Posted on Sep 17, 2010

Nursing gets $2.1M grant for RESTORE LIVES Center

Nursing gets $2.1M grant for RESTORE LIVES Center

Kevin Kip, PhD, is principal investigator for the RESTORE LIVES Center grant

Helping service members and veterans of Iraq and Afghanistan heal from symptoms of combat exposure, including post traumatic stress and mild traumatic brain injury, will be the focus of a $2.1-million federal grant to the University of South Florida College of Nursing. The project is part of the Research to Improve Emotional Health and Quality of Life among Service Members with Disabilities (RESTORE LIVES) Center, which was established to develop and evaluate treatments to complement services to the military provided by the VA Healthcare System, TRICARE, and the conventional health care system.

“USF Nursing is known for leading this type of innovative, evidence-based research in collaboration with our colleagues in other fields. USF Nursing has the right people, in the right place at the right time to make RESTORES LIVES a reality,” said Dianne Morrison-Beedy PhD, RN, WHNP-BC, FNAP, FAANP, FAAN,Dean of the USF College of Nursing and Senior Associate Vice President of USF Health. “The research conducted through the RESTORE LIVES Center is unique in the nation and is critical as we now have the largest number of combat veterans re-entering mainstream America since the Vietnam era. The cutting-edge therapies tested are designed to literally restore the lives of our honored soldiers and veterans.”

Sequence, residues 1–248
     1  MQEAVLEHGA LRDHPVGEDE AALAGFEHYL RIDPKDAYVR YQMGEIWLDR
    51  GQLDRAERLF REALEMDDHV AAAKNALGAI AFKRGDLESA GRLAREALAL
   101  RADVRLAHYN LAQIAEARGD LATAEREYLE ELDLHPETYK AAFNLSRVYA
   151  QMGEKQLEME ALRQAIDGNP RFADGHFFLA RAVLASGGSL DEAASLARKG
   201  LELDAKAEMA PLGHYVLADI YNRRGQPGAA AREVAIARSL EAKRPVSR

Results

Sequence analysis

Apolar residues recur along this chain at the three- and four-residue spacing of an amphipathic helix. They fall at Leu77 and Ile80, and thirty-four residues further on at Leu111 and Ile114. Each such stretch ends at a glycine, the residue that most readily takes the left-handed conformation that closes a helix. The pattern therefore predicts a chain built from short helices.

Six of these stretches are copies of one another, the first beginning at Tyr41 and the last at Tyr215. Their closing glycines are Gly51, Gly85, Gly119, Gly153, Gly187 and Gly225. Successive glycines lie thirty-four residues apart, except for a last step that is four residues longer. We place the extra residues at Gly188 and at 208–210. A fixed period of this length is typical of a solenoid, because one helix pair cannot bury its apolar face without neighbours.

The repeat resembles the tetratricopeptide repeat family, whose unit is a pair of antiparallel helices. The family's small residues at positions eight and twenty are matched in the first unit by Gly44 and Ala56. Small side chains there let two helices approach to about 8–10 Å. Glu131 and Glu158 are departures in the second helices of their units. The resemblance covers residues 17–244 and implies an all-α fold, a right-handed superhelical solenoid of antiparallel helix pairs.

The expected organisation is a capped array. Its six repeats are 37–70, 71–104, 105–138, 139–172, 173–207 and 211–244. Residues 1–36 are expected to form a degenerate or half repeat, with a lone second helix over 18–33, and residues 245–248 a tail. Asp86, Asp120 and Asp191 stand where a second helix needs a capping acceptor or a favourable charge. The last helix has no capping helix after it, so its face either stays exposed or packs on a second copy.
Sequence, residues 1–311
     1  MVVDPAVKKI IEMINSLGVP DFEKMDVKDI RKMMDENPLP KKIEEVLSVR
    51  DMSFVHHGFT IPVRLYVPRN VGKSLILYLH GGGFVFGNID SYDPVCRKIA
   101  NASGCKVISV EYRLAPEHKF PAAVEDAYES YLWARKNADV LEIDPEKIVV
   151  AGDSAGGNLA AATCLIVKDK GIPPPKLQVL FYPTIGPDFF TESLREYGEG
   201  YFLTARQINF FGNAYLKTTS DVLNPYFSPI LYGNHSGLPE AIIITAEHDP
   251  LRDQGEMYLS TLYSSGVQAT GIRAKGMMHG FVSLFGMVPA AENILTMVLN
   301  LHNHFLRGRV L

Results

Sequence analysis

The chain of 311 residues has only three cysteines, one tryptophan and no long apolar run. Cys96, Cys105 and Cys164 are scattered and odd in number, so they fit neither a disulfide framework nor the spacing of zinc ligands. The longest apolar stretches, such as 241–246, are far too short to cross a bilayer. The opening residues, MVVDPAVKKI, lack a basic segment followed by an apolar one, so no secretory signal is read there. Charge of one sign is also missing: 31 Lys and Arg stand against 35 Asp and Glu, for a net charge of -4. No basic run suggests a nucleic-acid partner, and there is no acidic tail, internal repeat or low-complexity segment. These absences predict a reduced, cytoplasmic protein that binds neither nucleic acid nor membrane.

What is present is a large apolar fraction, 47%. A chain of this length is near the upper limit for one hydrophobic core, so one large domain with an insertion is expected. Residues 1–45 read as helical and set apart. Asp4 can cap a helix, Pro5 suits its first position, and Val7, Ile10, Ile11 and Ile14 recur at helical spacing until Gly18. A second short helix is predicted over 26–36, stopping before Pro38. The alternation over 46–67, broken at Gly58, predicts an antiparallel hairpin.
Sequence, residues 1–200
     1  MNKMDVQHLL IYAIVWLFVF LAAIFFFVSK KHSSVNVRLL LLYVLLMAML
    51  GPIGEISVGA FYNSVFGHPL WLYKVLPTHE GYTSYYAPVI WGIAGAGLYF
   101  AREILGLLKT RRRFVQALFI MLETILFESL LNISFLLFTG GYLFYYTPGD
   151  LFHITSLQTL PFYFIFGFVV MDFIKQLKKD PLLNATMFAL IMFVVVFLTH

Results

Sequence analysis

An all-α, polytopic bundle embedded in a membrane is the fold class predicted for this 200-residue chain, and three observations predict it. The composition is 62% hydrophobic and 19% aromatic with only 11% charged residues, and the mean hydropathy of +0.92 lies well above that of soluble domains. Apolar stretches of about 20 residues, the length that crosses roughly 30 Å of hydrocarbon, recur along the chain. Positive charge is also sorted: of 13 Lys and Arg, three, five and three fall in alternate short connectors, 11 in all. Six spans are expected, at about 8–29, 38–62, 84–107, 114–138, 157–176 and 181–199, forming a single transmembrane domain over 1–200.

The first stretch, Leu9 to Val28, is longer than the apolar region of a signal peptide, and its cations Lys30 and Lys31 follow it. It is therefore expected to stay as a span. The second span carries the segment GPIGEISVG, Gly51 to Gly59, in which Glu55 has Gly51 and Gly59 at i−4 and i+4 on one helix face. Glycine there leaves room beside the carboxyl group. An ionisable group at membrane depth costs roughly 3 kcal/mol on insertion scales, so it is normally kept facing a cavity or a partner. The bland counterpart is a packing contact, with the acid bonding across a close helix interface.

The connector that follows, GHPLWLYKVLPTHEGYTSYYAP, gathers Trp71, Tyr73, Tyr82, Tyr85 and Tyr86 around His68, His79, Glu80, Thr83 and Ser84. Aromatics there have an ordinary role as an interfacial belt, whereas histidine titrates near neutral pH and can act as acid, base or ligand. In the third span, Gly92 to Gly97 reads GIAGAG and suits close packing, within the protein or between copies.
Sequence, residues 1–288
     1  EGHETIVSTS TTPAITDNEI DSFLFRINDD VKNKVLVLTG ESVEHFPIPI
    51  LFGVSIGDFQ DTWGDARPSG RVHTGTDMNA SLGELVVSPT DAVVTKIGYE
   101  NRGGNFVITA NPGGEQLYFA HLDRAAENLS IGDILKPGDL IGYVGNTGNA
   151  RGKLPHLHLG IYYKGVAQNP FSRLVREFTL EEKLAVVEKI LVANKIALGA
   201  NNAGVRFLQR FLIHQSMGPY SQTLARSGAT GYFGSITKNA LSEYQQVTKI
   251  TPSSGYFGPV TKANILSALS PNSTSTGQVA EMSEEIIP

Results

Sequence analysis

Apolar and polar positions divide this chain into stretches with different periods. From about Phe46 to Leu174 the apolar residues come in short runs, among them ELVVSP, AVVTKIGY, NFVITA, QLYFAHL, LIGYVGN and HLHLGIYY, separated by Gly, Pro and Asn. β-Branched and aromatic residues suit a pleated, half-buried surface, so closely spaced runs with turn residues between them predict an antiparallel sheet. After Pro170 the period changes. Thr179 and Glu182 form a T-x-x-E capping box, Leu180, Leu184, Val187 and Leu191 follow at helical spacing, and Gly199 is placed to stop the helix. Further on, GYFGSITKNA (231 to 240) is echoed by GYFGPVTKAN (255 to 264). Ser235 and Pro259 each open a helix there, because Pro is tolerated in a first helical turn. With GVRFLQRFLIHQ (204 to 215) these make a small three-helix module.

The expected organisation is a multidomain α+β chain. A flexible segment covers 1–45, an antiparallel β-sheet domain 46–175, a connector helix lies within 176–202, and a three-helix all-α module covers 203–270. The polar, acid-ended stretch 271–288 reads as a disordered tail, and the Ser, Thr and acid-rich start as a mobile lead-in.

The RESTORE LIVES Center will conduct five studies investigating state-of-the art therapies, including the promising Accelerated Resolution Therapy (ART). The ART method is intended to help clients bring problems to a quick and effective resolution. The client uses back-and-forth eye movements, which integrate activities in the left and right sides of the brain, as their thoughts are focused by the psychological therapist. The revolutionary intervention employs a technique known as Voluntary Memory/Image Replacement, in which the client can replace a negative memory with a positive memory of their choice, or reinterpret the memory. Studies with non-veterans have shown that clients were able to resolve memories of painful or disturbing experiences in just one or two therapy sessions, and the RESTORE LIVES researchers will evaluate whether veterans experience this same level of benefit.

“Our principal goal is to aid our courageous military personnel,” said principal investigator Kevin Kip, PhD, associate professor and executive director of the College of Nursing Research Center. “With this research funding, we aim to evaluate and ultimately provide evidence for novel, flexible, and rapid methods to treat emotional problems and related symptoms that arise from serving in combat operations.”

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Nursing gets $2.1M grant for RESTORE LIVES Center